flock

Definition from Wiktionary, the free dictionary
Jump to navigation Jump to search
See also: Flock

English[edit]

Pronunciation[edit]

  • (UK) IPA(key): /flɒk/
  • (US) IPA(key): /flɑk/
  • (file)
  • Rhymes: -ɒk

Etymology 1[edit]

From Middle English flock (flock), from Old English flocc (flock, company, troop), from Proto-Germanic *flukkaz, *flakka- (crowd, troop). Cognate with Middle Low German vlocke (crowd, flock), Old Norse flokkr (crowd, troop, band, flock). Perhaps related to Old English folc (crowd, troop, band). More at folk.

Noun[edit]

flock (2) of sheep

flock (plural flocks)

  1. A large number of birds, especially those gathered together for the purpose of migration.
  2. A large number of animals, especially sheep or goats kept together.
  3. Those served by a particular pastor or shepherd.
    • (Can we date this quote by Tennyson and provide title, author's full name, and other details?)
      As half amazed, half frighted all his flock.
    • 1995, Green Key Books, God's Word to the Nations (John 10:16)[1]:
      I also have other sheep that are not from this pen. I must lead them. They, too, will respond to my voice. So they will be one flock with one shepherd.
  4. A large number of people.
    • Bible, 2 Macc. xiv. 14
      The heathen [] came to Nicanor by flocks.
    Synonym: congregation
  5. (Christianity) A religious congregation.
    Synonym: congregation
Synonyms[edit]

(large number of people):

Translations[edit]
The translations below need to be checked and inserted above into the appropriate translation tables, removing any numbers. Numbers do not necessarily match those in definitions. See instructions at Wiktionary:Entry layout#Translations.

Verb[edit]

flock (third-person singular simple present flocks, present participle flocking, simple past and past participle flocked)

  1. (intransitive) To congregate in or head towards a place in large numbers.
    People flocked to the cinema to see the new film.
    • (Can we date this quote by Dryden and provide title, author's full name, and other details?)
      Friends daily flock.
  2. (transitive, obsolete) To flock to; to crowd.
    • 1609, Taylor
      Good fellows, trooping, flocked me so.
  3. To treat a pool with chemicals to remove suspended particles.
Translations[edit]

Etymology 2[edit]

From Middle English flok (tuft of wool), from Old French floc (tuft of wool), from Late Latin floccus (tuft of wool), probably from Frankish *flokko (down, wool, flock), from Proto-Germanic *flukkōn-, *flukkan-, *fluksōn- (down, flock), from Proto-Indo-European *plewk- (hair, fibres, tuft). Cognate with Old High German flocko (down), Middle Dutch vlocke (flock), Norwegian dialectal flugsa (snowflake). Non-Germanic cognates include Albanian flokë (hair).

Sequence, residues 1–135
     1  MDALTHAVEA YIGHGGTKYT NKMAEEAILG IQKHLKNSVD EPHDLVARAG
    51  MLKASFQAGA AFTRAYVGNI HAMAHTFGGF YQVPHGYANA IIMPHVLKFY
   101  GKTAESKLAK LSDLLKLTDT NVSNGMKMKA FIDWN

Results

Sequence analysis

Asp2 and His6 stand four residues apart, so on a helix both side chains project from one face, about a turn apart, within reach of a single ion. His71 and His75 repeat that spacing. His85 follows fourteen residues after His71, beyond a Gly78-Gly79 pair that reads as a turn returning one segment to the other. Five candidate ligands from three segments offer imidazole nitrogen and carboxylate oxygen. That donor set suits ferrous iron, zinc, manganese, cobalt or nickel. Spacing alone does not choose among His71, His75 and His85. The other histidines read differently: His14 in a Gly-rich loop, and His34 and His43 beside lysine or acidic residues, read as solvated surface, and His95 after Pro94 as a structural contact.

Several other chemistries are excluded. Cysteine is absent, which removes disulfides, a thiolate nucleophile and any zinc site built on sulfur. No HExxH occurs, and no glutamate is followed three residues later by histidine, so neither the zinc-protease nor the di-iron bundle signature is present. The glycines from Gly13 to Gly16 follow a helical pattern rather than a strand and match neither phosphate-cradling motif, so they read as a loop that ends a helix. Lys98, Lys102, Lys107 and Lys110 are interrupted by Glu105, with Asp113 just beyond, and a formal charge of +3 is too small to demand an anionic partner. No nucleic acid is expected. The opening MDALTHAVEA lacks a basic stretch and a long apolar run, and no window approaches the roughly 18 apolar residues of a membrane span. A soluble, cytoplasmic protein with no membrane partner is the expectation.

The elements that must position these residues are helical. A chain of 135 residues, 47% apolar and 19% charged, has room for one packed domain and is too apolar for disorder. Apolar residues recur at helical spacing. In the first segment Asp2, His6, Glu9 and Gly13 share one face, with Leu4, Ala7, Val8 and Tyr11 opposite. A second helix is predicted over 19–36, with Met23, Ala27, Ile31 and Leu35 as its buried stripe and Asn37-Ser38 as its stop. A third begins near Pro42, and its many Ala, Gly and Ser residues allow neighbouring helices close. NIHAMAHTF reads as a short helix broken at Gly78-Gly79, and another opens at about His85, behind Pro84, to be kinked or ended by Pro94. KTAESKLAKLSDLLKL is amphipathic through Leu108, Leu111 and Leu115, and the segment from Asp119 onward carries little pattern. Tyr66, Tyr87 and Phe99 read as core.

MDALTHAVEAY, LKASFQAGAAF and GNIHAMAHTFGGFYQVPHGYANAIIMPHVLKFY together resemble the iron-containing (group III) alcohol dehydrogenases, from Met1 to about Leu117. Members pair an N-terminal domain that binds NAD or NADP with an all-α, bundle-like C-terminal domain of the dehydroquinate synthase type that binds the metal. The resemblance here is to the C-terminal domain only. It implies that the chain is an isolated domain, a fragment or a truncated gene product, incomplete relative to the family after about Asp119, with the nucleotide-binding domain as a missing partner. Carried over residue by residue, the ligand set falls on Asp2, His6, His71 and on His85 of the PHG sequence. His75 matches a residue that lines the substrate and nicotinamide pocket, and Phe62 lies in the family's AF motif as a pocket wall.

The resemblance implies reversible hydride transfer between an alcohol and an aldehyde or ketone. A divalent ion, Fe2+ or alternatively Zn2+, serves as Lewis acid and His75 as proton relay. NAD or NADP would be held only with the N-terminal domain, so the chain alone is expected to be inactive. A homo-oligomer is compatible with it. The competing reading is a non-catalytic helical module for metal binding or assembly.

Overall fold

Noun[edit]

flock (countable and uncountable, plural flocks)

  1. Coarse tufts of wool or cotton used in bedding.
  2. A lock of wool or hair.
  3. Very fine sifted woollen refuse, especially that from shearing the nap of cloths, formerly used as a coating for wallpaper to give it a velvety or clothlike appearance; also, the dust of vegetable fibre used for a similar purpose.
Translations[edit]

Verb[edit]

flock (third-person singular simple present flocks, present participle flocking, simple past and past participle flocked)

  1. (transitive) To coat a surface with dense fibers or particles.
Translations[edit]

Derived terms[edit]

See also[edit]


Swedish[edit]

Etymology[edit]

From Old Swedish flokker, flukker, from Old Norse flokkr, from Proto-Germanic *flukkaz. Cognate with Faroese flokkur, Icelandic flokkur, Norwegian flokk, and Danish flok.

Pronunciation[edit]

Noun[edit]

flock c

  1. flock; a group of people or animals
  2. murder of crows

Declension[edit]

Declension of flock 
Singular Plural
Indefinite Definite Indefinite Definite
Nominative flock flocken flockar flockarna
Genitive flocks flockens flockars flockarnas

Related terms[edit]